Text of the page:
“White, composite, and from overseas”…was a theme of EAA AirVenture Oshkosh 2002 in the ultralight/lightplane area. I’ve already congratulated Experimenter Editor Mary Jones and Art Director Pierre Kotze on the October issue’s beautiful layout of the aircraft from afar, which may become near and dear to Yankee pilots. This month, I’d like to introduce you to one of the new flock of white, composite, and overseas aircraft—Remos Aircraft’s G-3 Mirage. For the second EAA AirVenture Oshkosh in a row, I was delighted to fly with Allistair Wilson, an Irishman now residing in the United States. Like last year, he is working with Rob Rollison and the Rollison Light Sport Aircraft Inc., based in Bloomfield, Indiana. Last year, Allistair and I flew in the Flight Designs CT. This year it was the Remos G-3. Both are white, composite, and from overseas. The trend is real! The Factory and People In addition to flying with Allistair at AirVenture, I also chanced to meet the G-3 Mirage designer, Lorenz Kreitmayr, at a French ultralight show called Blois (the town it’s near). Lorenz is an inspiring fellow. He has created such a beautiful aircraft (as well as a dashing low wing to come next April), yet he is confined to a motorized wheelchair and requires assistance with basic tasks. A great attitude shows in a wide smile and an intimate command of aircraft design knowledge. Did I mention he speaks English fluently? He’s a remarkable gentleman; meeting him helped explain the Mirage. The Remos G-3 Mirage is an unusual aircraft—at least as compared to most American designs—in that it has a superlative glide angle and low sink rate. Europeans who often start flying in sailplanes may take such performance in stride, but a 17:1 glide and descent in the 350 fpm range are close to double the U.S. powered light aircraft standard. The aircraft uses its sleek composite curves efficiently and has enough wing area to keep stalls below 40 mph. With its weight dimensions and speed range, the G-3 Mirage is ready to fly when the light-sport aircraft category emerges. Rob Rollison, the U.S. importer, has logged a few vigorous years of seeking out just the right international aircraft to sell in the United States. He seems to have settled on a fleet of Pegasus trikes, the German-built Ikarus C-42, and the German-designed, Polish-fabricated, German- assembled Remos G-3 Mirage. From the deluxe Pegasus line, you step up in price until the Mirage at the top of the stack. Rob has learned a few lessons and has chosen his offerings well in my estimation. Hitting the Highlights Because Rob is a successful light aircraft seller in a challenging market, it makes sense to ask him for the highlights of the Mirage. He ticks off a few things that he believes distinguish the G-3: • carbon-fiber construction (not mere Fiberglas) • folding wings (for transport or for storing aircraft in tight spaces) • wide, roomy cockpit (cockpit width— 46.8 inches) • comfortable adjustable seats, with fourpoint shoulder harnesses • powerful Rotax 912S, 100-hp, fourcylinder, four-stroke engine • stainless steel exhaust with aftermuffler for additional noise reduction • cabin heater, special ventilation system, and pop-out vents on both door windows • exceptional visibility with tinted windscreens made of special aircraft-optical acrylic • large skylight • gull-wing doors that are quick-removable for flying without doors; the Mirage can be flown with the doors open in flight (up to 65 mph) • manual flaps and electric elevator trim • fuel filler cap conveniently located (no climbing on ladders necessary) • the Remos G-3 Mirage is a factory-built aircraft, test-flown in Germany, and again in the United States, and delivered ready-to-fly! To Rob’s list, I want to add a few observations of my own. The Mirage features a clean looking, single strut construction with a single jury strut. Such simplicity nonetheless passes German regulations for ultralights and no doubt helps with the wing folding mechanism. American buyers have longed embraced folding wings; Kreitmayr designed an elegant system. Folding the wings takes two people about 15 minutes; the process goes like this: 1) A small fairing at the base of the rudder allows you access to the quick-release linkage for the elevator controls. (As a point of interest this fairing is removable, and you can install a glider towing release mechanism.) Then two large pins on either side of the vertical, secured by a safety pin, are removed, and you can detach the entire horizontal surface. 2) Next, you move inside the cockpit where you remove more pins to unlink the aileron controls. Back outside, at the fuselage/wing leading edge junction, you pull out a large pin on each side. 3) At this time you pull out on the wing slightly, which allows access to the quick-release pins that secure the flap controls. 4) The struts have a rotating ball joint that allows the strut and jury strut to stay on while you fold each wing aft. 5) Finally an extra piece of hardware fits over the tail boom and supports the wings in storage. Other Fine Touches The Mirage’s electric elevator trim linkage functions in a slot on the bottom of the elevator but is smooth on the top. Total movement is only about a quarter inch. It’s another of those sophisticated techniques that shows good forethought and helps to justify the price tag. The Mirage’s cut-out center of the elevator is not for rudder movement as you might think. Instead, it’s done to accommodate the glider towing function the Mirage sometimes serves. In Europe, glider flying is four times as big as it is in America, so being fit for such duty makes the Mirage a better value. Though the engine is quite tightly cowled, an opening in the front serves the radiator. Inside the curvaceous cowling, the Remos shoehorns a Rotax 912 and all its components. The G-3 Mirage’s wings are of carbon fiber construction with fabric on the aft two thirds. This genuinely composite method helps keep the aircraft lighter and, in turn, helps create the long glide and slow sink performance. The aircraft fuselage and wings are built in Poland with the final assembly done in the southern Bavarian region of Germany. A little vertical ventral fin—on the lower side of the tail—has a small wheel smoothly built into the structure. It’s yet another of the many nice touches that Kreitmayr included in his work. One Deluxe Cabin Environment The G-3 Mirage has enough features and appointments that you have to consider them in a pattern. After getting in, I noted the locked parking brake, which is housed in the center console. The device involves a hydraulic brake lever with a red knob just aft of the lever and its hydraulic reservoir. You prime the system by pushing forward on the brake lever. When you twist the T-handled brake lever to the right, to the three o’clock position, you set the park brake. It’s more complicated to explain than to do. Just in front of the hand brake lever is another right-twisting knob, the fuel cutoff. Logically, it should be in the forward position for “go.” A fairly small storage area for an overnight bag is behind the left side seat. Kreitmayr also provided some small nylon net stash areas located on the backside of each seat. In addition, you also have map pockets located in the doors and some additional storage area can be found under the seats. No space is wasted. The cabin provides full dual controls, which makes it useful for flight training. Each control stick has a push-to-talk switch. One Mirage owner, a former German jet pilot, has logged 1,500 hours and 8,000 landings in flight school operations using a G-3. In front of the brake control handle in our test aircraft were four colored knobs under the key switch control—fresh air (blue/lower left), cabin heat (red/lower right), carb heat (yellow/top right), and choke (green/top left). Above the key switch is a series of electric switches, the largest one being the master switch. Something you rarely see on American designs are removable doors. A large red knob just to the side of either pilot’s head provides a quick release for the doors, facilitating easy removal. You can fly this aircraft with the doors off, and this quick release also addresses emergency situations. Oshkosh can be a hot place when Air- Venture happens. One nice touch for such warm days is a system of air vents consisting of no less than five openings. A NACA inlet on the right side of the fuselage supplies the air to all. Some of the outlets are at the base of the windscreen, modeled after defroster vents on cars. Others are airliner-type movable air vents on each end of the control panel, plus openings in the side windows. As I said above, you can remove the doors or fly with them open (below 65 mph), but if you have the doors on, you want them to be secure. Mirage’s door hold latch asks you to pull down on a pin system, holding the door as you do so. Once seated, moving a knob forward located at your knee pushes down three pins to fix and lock the door. One angles forward into the fuselage, one down, and one aft to firmly secure the door. When it’s time to exit, as you lift the door to the gull-wing position, you push a latch pin up into a dimpled catch. It works slickly and holds the door open as you unload. These special fittings are also able to fix the doors open in flight, within the speed limitation. Once you’re ready to put the Mirage away, you can use a pickproof lock and key to secure your valuables. One more nice touch is a fueling port on the right rear of the body (just above the word Remos on the airplane used for this evaluation—DMPLK). You won’t have to stand on a ladder to fuel the high wing design. The Remos G-3 Mirage is a ripe candidate for the proposed light-sport aircraft category, assuming it will also be able to meet the consensus standards. It is conventional in its general shape and handling and can be operated the same way lots of general aviation pilots fly their Cessnas and Pipers. However, Mirage also has ultralight-like characteristics with fast takeoffs, steep climbs, and great performance-per-cost ratio. And, it pegs high on the fun meter! Our Flight Of two possible flap notches, Allistair preferred to use one notch for takeoff from AirVenture’s “down-on-the-farm” ultralight runway. The two settings available are at 15 and 30 degrees. Once into the crowded ultralight pattern, Allistair and I kept our eyes peeled for conflicting traffic. The Mirage’s excellent lateral and forward visibility helped. It also has a skylight window, though it is further aft to make room for the spar. The skylight provides good in-turn visibility to the opposite side on which you are seated. To your own side, visibility in turns is restricted. Our test Mirage had a 100-hp 912S engine installed, but you can elect the 80-hp model and save a few dollars (though not enough to be worth it, in my opinion). This particular aircraft also used a combination wood and composite prop. High-speed cruise appears to be 120 mph. The Mirage has a good speed range from its stall below 40 mph, but according to Allistair, 110 mph will produce a very comfortable cruise. He ought to know having flown the aircraft from southern Indiana to participate in the big show. With the flaps up and throttle at just over 5,000 rpm, I flew the Mirage with the ASI indicating 115 mph airspeed at about 1,400 MSL. Steep turns required no back pressure. If I pulled aft in such turns, I simply climbed even when the maneuver was done at a medium power setting. No push of the throttle was required—as is necessary in most aircraft—indicating an efficient airfoil. For all of Mirage’s virtues, I did experience some initial challenge keeping the ball centered. The G-3 tended to drift off to the left side, and I felt like it needed some opposite control when turning that direction. Both Allistair and I felt this might be because of the torque from the larger Rotax 912 powerplant. One of the most amazing discoveries came when I recorded a 300-350 fpm descent rate at about 70 mph. The Mirage has a most impressive sink rate that beats most ultralights or general aviation airplanes I’ve flown. Allistair indicates the glide is an equally impressive 17:1. While I had no way to verify that fact, the Mirage certainly didn’t want to come out of the sky and appeared to substantiate a flat glide. Allistair demonstrated slow flight with full flaps, 3,800 rpm, and 60 mph, which felt very solid. He agreed that the Mirage does get a little soft in control at 55-60 mph, but it still has plenty of roll control. When I took the controls, I could hardly note the softness; the Mirage retains enough authority even at 50 mph to be fully controllable in a low-wind approach. One thing I enjoyed as Allistair and I switched taking control was the genuinely full nature of the dual controls. For example, both seats have a left side throttle allowing pilots to keep their right hand on the joystick. The trim lever was mounted on the joystick of this Mirage; logically, you move the switch forward for nose down and back for up. The trim control operates a surface only on the left elevator. Just above the VSI on the left side of the panel is a small, white dial that shows the trim position, yet another nice touch. As we reentered AirVenture’s ultralight pattern, I turned the controls back over to Allistair. Maintaining one notch of flaps down, Allistair was able to hold 75 mph easily; we had slower traffic ahead of us in the crowded pattern. Out in the free flying area, I’d been able to back off the throttle to about 3,500 rpm and hold 60 mph, good for times when you need a slow-flight operation. The Mirage’s long glide made for a challenging landing when it came time to put it down. The range of speeds among the intermixed aircraft can be wide, and sometimes you have to improvise in order to fit in the procession. We landed long and Allistair got on the brakes quite aggressively. Thanks to some throttle creep he went further than he planned, eventually killing the engine on the far end of the 1,400-foot strip to come to a complete stop. Despite our speedy touchdown, the Mirage’s composite landing gear felt very supportive. Waiting on Sport Pilot One of the vexing problems right now in the light aircraft industry is that many buyers are sitting on the fence waiting to see if/when the proposed sport pilot/light-sport aircraft rule will pass. In some sense, that’s wasted flying hours. If/when the rule passes, aircraft like the G-3 Mirage will be candidates for your airplane-buying dollars. But you have a number of purchase choices today for aircraft that should qualify when the new rule is final. Nearly every kit-built model from the major light aircraft manufacturers could eventually qualify as a light-sport aircraft (if the manufacturer is willing to go through the process of verifying that the aircraft meets the yet-to-be finalized consensus standard). The rule will allow both kits and fully built aircraft. Thus, while it’s nice to dream about buying a ready-to-fly aircraft like this G-3 Mirage, you needn’t put your plans on hold while FAA sorts out the rule. In addition, there is quite a range of legal Part-103 models you can buy that will not be affected by the rule. That said, most pilots I talk to like the idea of fully factory-built aircraft. If this is your preference, Remos makes one aircraft you should consider carefully. At $64,950, the Mirage is one of the higherend choices, but it’s also one of the higher-end offerings. Rollison Light Sport Aircraft’s Ikarus C-42, at $22,000 less, is an example of a much more moderately priced offering. (Editor’s Note: We’ll ask Dan to review that aircraft in another article in the coming months…M.J.) Standard equipment on the Remos G- 3 Mirage includes an airspeed indicator, vertical speed indicator, precision 20,000-foot altimeter, compass, slip indicator, electric fuel gauge, and Rotax Fly- Dat digital engine monitoring system (which provides tachometer, water temperature, four EGT temperatures, oil pressure, and oil temperature). Mirage is so deluxe that you can’t choose from many options. However, Rob is a strong promoter of emergency parachutes and says the Mirage is “set up for easy installation of the optional BRS aircraft recovery system.” As of AirVenture 2002, Rollison Light Sport Aircraft reports that 112 Mirages are flying in Europe. That number is bound to grow when FAA releases their new rule. If it fits your pocketbook, I feel very confident in saying one flight in a Mirage will make you ready to part with your cash.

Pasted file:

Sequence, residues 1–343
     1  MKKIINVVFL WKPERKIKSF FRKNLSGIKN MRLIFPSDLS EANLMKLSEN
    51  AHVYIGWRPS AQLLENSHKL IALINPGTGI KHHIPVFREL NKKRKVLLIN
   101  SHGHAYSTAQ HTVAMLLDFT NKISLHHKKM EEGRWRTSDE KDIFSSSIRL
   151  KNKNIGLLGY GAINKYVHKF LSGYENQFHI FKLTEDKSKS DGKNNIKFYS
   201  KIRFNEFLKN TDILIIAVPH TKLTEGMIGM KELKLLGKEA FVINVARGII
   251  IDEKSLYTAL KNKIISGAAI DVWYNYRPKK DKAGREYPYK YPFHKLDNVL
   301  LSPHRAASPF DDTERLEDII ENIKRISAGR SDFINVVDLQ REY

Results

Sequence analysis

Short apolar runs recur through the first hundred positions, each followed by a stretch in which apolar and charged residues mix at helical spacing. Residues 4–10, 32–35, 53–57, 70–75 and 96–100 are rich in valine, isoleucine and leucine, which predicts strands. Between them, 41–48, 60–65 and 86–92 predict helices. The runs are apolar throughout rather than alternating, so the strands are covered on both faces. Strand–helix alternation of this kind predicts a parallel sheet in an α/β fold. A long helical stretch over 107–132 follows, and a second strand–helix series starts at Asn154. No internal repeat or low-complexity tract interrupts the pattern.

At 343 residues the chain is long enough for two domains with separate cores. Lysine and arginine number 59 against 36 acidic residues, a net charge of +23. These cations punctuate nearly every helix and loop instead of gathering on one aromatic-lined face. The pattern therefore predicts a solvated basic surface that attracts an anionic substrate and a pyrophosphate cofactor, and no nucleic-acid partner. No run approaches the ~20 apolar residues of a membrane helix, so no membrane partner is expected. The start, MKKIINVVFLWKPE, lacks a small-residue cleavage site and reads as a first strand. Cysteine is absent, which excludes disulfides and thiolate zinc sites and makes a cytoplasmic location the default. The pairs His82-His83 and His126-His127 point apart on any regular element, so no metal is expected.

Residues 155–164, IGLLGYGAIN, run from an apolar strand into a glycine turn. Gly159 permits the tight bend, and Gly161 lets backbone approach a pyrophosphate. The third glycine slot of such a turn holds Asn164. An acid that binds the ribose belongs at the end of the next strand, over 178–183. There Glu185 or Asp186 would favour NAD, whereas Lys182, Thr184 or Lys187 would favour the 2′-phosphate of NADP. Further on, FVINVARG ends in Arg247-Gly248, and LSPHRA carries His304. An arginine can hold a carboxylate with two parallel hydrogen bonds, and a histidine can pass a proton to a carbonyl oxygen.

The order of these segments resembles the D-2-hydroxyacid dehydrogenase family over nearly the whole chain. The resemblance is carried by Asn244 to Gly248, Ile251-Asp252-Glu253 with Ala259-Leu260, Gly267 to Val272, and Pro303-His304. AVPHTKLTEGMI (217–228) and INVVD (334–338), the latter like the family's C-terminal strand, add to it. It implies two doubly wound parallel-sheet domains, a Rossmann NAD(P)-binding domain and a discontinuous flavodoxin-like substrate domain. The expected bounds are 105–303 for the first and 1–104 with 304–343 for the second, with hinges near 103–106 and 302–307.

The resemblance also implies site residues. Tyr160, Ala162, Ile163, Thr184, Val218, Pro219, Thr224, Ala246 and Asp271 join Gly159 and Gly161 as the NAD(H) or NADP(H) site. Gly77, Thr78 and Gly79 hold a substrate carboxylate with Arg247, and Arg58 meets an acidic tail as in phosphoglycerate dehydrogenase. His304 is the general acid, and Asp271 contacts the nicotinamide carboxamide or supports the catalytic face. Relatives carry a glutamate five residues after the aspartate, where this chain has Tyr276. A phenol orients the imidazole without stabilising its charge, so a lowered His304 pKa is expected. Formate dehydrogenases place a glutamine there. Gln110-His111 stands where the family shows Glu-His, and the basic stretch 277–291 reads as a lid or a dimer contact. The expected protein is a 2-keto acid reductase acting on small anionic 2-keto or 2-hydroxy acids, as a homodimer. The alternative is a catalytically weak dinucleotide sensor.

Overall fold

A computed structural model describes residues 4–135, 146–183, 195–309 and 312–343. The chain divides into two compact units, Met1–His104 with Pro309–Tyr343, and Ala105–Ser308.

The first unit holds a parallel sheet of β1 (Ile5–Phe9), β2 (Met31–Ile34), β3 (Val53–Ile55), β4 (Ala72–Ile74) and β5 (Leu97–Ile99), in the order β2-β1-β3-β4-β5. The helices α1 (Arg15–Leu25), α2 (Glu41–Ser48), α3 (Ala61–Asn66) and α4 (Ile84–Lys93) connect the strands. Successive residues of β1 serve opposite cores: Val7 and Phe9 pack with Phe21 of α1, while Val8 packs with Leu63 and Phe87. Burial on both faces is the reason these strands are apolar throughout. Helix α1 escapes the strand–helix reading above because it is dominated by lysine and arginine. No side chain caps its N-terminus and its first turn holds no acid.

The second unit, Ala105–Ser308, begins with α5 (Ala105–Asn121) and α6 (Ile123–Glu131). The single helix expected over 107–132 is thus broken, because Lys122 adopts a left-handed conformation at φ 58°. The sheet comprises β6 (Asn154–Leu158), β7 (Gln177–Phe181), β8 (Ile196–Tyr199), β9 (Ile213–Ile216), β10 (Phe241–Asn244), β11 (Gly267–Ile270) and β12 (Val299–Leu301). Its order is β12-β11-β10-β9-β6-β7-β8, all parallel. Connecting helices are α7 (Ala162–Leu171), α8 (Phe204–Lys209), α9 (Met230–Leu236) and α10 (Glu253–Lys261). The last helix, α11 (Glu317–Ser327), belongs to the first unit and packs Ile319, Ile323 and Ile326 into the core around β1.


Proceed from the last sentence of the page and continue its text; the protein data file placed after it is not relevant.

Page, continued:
Published in Experimenter Magazine
|Empty weight||625 pounds|
|Gross weight||1,232 pounds**|
|Wing area||131 square feet|
|Wing loading||9.4 pounds per sq. foot|
|Fuel Capacity||18.2 gallons|
|Notes:||* With wings folded, height is 5.5 feet.|
**Final gross weight is pending issuance of the light-sport aircraft rule. Performance Max cruise speed 130 mph Max level speed 142 mph Stall speed 38 mph Max rate of climb 1,300 fpm.
|Power loading||12.3 pounds per hp|
|Max Speed||142 mph|
|Cruise speed||130 mph|
|Economy Cruise||2.9 gph|
|Stall Speed||38 mph|
|Rate of climb at gross||1,300 fmp***|
|Takeoff distance at gross||200 feet|
|Landing distance at gross||350 feet|
|Range (powered)||over 600 miles|
|Notes:||*** With fixed-pitch prop as required by the sport pilot proposal.|